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Tag: Florida Keys National Wildlife Refuges Complex

The content below has been tagged with the term “Florida Keys National Wildlife Refuges Complex.”

Articles

  • A man in protective gear uses a chainsaw to cut a fallen tree.
    Fallen tree at National Key Deer Refuge. Photo by USFWS.

    ‘Lots of new help here,’ as recovery picks up and residents begin returning

    September 16, 2017 | 5 minute read

    Big Pine Key, Florida – Hurricane Irma hammered the Florida Keys a week ago Sunday and the recovery has been a whirl of progress and promise.  Learn more...

  • Palm and mangrove trees snapped like twigs.
    Information icon Damaged palm trees and mangroves on Cudjoe Key, Florida. Photo by Glenn Fawcett, U.S. Customs and Border Protection.

    Service employees joining Irma response effort

    September 15, 2017 | 7 minute read

    Big Pine Key, Florida – It had all the makings of a thankless, dangerous and depressing task, but Jon Wallace knew – or thought he knew – what he was facing.  Learn more...

  • A deer similar in appearance to a white-tailed deer, but much smaller in size
    A Key deer on Big Pine Key in Florida. Photo by Garry Tucker, USFWS.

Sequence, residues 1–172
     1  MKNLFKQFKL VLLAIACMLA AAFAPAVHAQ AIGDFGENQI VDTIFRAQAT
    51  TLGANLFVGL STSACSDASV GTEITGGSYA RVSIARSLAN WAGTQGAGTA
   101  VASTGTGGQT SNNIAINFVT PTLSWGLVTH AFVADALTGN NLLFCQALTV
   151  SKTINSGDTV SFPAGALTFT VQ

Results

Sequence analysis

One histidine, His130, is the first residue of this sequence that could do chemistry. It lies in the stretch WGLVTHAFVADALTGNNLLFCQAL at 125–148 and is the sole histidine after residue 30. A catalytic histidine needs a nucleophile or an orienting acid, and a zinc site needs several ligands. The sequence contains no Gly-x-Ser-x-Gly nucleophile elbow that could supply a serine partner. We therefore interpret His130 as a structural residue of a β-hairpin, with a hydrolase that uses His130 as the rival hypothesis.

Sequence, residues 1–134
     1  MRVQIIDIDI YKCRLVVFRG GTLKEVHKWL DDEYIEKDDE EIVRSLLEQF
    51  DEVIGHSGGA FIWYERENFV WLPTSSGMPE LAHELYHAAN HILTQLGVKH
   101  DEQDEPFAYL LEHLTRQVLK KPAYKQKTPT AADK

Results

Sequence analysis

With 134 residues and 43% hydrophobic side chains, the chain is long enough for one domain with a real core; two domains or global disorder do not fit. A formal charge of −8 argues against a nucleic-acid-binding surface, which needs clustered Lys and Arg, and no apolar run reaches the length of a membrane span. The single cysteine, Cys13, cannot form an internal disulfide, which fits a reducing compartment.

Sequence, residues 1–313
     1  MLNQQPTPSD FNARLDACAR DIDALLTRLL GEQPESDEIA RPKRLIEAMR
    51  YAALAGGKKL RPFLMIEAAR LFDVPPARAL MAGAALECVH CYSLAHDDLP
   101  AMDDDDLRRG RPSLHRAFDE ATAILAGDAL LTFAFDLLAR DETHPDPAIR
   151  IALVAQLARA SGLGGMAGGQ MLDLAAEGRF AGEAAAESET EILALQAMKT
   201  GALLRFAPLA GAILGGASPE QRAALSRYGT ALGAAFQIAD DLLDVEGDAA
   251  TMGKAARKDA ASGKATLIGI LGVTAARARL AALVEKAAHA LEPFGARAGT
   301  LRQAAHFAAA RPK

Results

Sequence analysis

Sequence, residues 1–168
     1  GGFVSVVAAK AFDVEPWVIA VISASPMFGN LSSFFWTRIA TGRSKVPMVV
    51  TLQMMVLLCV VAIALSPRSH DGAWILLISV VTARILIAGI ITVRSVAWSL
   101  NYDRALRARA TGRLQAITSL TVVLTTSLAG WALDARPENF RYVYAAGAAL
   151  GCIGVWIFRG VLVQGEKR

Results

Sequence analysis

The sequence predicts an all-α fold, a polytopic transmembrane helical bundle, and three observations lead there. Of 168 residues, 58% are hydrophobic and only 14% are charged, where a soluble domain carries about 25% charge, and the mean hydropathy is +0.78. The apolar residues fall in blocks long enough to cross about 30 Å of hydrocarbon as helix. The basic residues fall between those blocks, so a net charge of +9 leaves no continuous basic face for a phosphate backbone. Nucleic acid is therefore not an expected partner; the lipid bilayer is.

Support and cooperation cure the New World screwworm infestation in the Keys

    April 12, 2017 | 2 minute read

    The unexpected New World screwworm infestation of the endangered Key deer confirmed September 30, 2016, by the U.S. Department of Agriculture was found on 13 Keys and led to 135 Key deer deaths. Screwworms are fly larvae or maggots that infest warm-blooded animals through open wounds and feed on living tissue. They were formerly eradicated from the U.S. in the 1960’s. The herculean effort to eliminate screwworms and save the Key deer was recently celebrated at a public meeting on March 25, 2017.  Learn more...

  • A small deer with antlers in front of a road sign on the side of a road.
    Response key deer buck at refuge headquarters. Photo by Jennifer Koches, USFWS.

    Whats old is new again (New World screwworm, that is)

    February 1, 2017 | 5 minute read